Peddlers: Just say 'No thanks' and close the door 2012.10.24

Written by David Green.

The Schwann's food man. Mormon missionaries. Asphalt pavers. Storm window sales people. Political candidates. School kids selling food and wrapping paper. The neighbor boys carrying rakes or snow shovels.

During the course of a year, a variety of peddlers will come knocking on your door offering their goods, services or beliefs. It's the American way, where people are allowed to pitch their wares.

Some of them will be considered annoying, a few will be viewed as troublesome and some might even have a criminal intent, hoping they don't get caught in the act.

Morenci city council members tried to address the shadier element and soon learned that, in the United States, you can't pick and choose who is to be allowed on your doorstep. It's unconstitutional to allow fund-raising students and keep away the TruGreen man. 

A second attempt at regulating peddlers would have required registration at city hall, but the measure gained the support of only three council members. As one councilor pointed out, any seller with illegal intentions isn't likely to sign up at city hall, and besides, the registration process would still suggest an endorsement by the city—the very thing council members were trying to avoid from the old ordinance.

The ordinance that was finally accepted on a 4-3 vote outlaws aggressive panhandling and any solicitation where a sign indicates that property owners “do not wish to have their privacy disturbed.”

If a resident experiences possible legal problems with a peddler, the police are there to help, but don't expect law enforcement to check out the legitimacy of every salesman's offer. That's not the role of the police department.

The simplest way to handle peddlers without adding more "big government" to the solution is to approach their visit the same as you handle an unwanted telephone call. Refuse their offer—politely, if possible—and close the door. Take the peddling version of the do-not-call list by posting a small "no solicitors" sign on your door. Or take the approach that many people do when they see religious peddlers on their porch—don't answer the door. They'll soon go away.

  • Play Practice
    DRAMA—Fayette schools, in conjunction with the Opera House Theater program, will present two plays Friday night at the Fayette Opera House. From the left is Autumn Black, Wyatt Mitchell, Elizabeth Myers, Jonah Perdue, Sam Myers (in the back) and Lauren Dale. Other cast members are Brynn Balmer, Mason Maginn, Ashtyn Dominique, Stephanie Munguia and Sierra Munguia. Jason Stuckey serves as the technician and Trinity Leady is the backstage manager. The plays will be performed during the day Friday for students and for the public at 7 p.m. Friday.
  • Front.F.school
    PROGRESS continues on the agriculture classroom addition at Fayette High School. The project will add 2,900 square feet of space and include an overhead door that would allow equipment to be driven inside. The building should be ready for the start of school in August. Work on ball fields and a running track is also underway.
  • Front.rover
    CLEARING THE WAY—Road crossings in the area on the construction route of the Rover natural gas pipeline are marked with poles and flags as preliminary work nears. Ditches and field entry points are covered with thick planks in many areas to support equipment for tree clearing operations. Actual pipeline construction is progressing across Ohio toward a collecting station near Defiance. That segment of the project is expected to wrap up in July. The 42-inch line through Michigan and into Ontario is scheduled for completion in November. The line is projected to transport 3.25 billion cubic feet of natural gas every day.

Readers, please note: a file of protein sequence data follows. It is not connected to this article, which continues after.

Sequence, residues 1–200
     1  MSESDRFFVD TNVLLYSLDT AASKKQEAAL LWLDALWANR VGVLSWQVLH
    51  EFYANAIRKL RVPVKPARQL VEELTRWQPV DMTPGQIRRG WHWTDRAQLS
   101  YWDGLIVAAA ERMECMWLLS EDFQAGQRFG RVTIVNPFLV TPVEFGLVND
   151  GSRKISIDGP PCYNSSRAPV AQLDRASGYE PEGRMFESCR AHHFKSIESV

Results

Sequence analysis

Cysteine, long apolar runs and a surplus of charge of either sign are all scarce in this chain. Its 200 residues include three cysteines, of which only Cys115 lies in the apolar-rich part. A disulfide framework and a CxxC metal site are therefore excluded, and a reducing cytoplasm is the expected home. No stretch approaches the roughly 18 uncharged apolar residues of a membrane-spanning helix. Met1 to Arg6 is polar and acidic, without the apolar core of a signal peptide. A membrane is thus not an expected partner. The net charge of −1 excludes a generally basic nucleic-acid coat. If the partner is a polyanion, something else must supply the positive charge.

• Front.geese
    ON THE MOVE—Six goslings head out on manuevers with their parents in an area lake. Baby waterfowl are showing up in lakes and ponds throughout the area.
  • Accident
    FAYETTE resident Patricia Stambaugh, 64, was declared dead on the scene of a single-vehicle accident Friday morning south of Morenci. Rescue units were called around 9 a.m., but as of Tuesday, law enforcement officers had not yet determined the time of the accident. According to Ohio State Highway Patrol, Stambaugh was driving west on U.S. 20 when her Chevrolet Malibu traveled off the north side of the road and down a steep embankment, coming to rest in Bean Creek (Tiffin River).
  • Front.teacher Leading
    PRESCHOOL MUSIC—Fayette band director Jeffrey Dunford spends the last half hour of the day leading the full-day preschool class in musical activities. Additional photos are on page 7 of this week’s Observer.
  • Front.poles
    MOVING EAST—Utility workers continue their slow progress east along U.S. 20 south of Morenci. New electrical poles are put in place before wiring is moved into place.
  • Face Paint
    FUN NIGHT FUN—Savanna Miles sits patiently while Abbie White works on a face paint design Friday during the Morenci PTO Fun Night. Gracie Snead watches the progress after having spent time in the chair. Abbie was one of several volunteer painters, each creating their own unique look. Additional photos are on the back page of this week’s Observer.

Weekly newspaper serving SE Michigan and NW Ohio - State Line Observer ©2006-2017